that their attempts to bridge this problem were unsuccessful. I would like to see that bridge completed because we really do want to have a continuous time series to enable fair comparisons over time.
Next, the issue of industry classification system, NAICS versus SIC. We are in the throes of converting to a new industry classification system, and as we do this, in many cases we are dropping the historical time series because we are finding it difficult to link industry definitions and trace them back through time. It is important that we be able to do this.
The spillover question. A lot of R&D tends to be concentrated in certain areas. I heard a paper by a Ph.D. candidate the other day who was trying to determine to what extent physical distance mattered; he was looking at R&D by state. Well, we have little information on the geography of R&D.
What is the relationship between R&D performers? For that matter, what is the relationship between funders and performers? We go to great effort in our satellite account to get everything on a performance basis. Nevertheless, it can matter who the funder is and there may be associations between performers.
Micro data. In my dreams I want to be able to go to NSF and use data that cannot be put in a publication because of confidentiality concerns, much in the same way that you can go to Census Research Centers and access the micro data under strictly controlled conditions. This would be a way of getting around the problem of missing data because of industry sensitivity. It will take time to bring something like this to pass.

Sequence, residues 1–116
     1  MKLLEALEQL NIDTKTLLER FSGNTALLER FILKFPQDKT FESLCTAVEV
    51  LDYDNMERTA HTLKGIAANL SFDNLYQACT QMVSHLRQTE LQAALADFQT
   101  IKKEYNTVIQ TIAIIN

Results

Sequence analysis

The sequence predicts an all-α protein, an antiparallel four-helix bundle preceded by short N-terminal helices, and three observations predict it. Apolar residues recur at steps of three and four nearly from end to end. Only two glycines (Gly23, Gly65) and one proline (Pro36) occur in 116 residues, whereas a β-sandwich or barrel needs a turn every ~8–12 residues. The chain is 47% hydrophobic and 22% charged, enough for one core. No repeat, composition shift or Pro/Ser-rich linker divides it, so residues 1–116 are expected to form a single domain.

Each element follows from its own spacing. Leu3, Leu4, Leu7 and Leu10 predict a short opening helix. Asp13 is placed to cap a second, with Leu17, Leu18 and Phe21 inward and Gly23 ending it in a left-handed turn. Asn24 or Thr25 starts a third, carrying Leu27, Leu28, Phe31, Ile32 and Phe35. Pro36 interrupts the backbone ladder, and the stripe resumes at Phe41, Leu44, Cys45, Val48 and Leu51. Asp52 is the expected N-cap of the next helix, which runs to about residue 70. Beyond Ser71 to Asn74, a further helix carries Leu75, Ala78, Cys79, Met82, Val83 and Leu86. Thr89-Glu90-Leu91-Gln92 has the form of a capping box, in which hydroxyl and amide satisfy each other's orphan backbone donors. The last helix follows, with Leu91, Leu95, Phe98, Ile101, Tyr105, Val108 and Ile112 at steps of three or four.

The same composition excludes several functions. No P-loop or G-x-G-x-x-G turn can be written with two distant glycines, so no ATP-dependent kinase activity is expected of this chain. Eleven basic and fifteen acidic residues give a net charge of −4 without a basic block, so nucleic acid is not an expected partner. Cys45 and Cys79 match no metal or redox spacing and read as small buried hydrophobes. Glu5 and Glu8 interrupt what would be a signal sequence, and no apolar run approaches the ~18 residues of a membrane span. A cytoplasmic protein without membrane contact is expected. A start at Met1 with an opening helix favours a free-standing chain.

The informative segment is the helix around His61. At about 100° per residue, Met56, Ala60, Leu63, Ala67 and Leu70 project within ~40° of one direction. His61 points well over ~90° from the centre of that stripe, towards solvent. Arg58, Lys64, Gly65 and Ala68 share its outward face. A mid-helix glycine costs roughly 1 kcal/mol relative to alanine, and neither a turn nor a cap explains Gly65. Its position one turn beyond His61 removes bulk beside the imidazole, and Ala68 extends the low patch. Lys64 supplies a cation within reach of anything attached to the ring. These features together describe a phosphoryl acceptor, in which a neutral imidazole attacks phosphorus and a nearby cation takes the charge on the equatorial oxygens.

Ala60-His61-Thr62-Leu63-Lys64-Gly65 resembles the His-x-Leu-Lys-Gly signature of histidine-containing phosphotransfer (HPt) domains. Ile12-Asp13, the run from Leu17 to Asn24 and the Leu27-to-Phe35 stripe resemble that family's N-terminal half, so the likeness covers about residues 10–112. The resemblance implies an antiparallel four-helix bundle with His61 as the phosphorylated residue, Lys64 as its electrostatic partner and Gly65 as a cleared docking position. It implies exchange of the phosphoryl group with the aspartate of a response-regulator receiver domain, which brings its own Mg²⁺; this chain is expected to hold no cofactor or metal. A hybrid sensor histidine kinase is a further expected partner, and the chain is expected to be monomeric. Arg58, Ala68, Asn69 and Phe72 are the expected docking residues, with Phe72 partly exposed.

Finally, bring on another Mansfield! Ed Mansfield did several studies a number of years ago to ascertain the benefits of R&D. It is important in our paper in the context of who is receiving the spillover benefits of R&D. I would love to have another Mansfield emerge to give us more information on the nature and types of benefits arising from R&D.
The next speaker is Andrew Wyckoff from the Organization for Economic Co-operation and Development.
ANDREW WYCKOFF: Our presentation is in two parts, the first part by me and a second by my colleague in the Directorate for Science, Technology, and Industry, Dominique Guellec, who heads the unit responsible for the Frascati Manual and some of the methodologies that underpin what we are discussing today.
A word about the OECD and what we do. We are a 30-member organization of industrialized countries headquartered in Paris. We may be best known for trying to produce reasonably harmonized data in various areas, including R&D. We deal with the details of methodology and try to arrive at some agreement about how to proceed. The heavy lifting is done by the member country delegates to the committee of National Experts in Science Technology Indicators (NESTI).
From where we sit we see a number of different types of users and uses of our data, but by far the most popular is simply basic comparisons of R&D levels or R&D intensities, normalized by the size of the population or the size of the economy, the GDP. That is by and far the most common use of the data, but we also see comparisons of industrial structure, particularly targeting on what are thought of as strategic technologies. In addition, there is a lot of interest in how the 30 countries, which are roughly similar in stage of economic development, differ in both the funding and the performance of R&D. Equally important are the human resources associated with R&D, but I will not talk as much about that as about R&D expenditures.
The topic du jour of the OECD on R&D has got to be the targeting of various R&D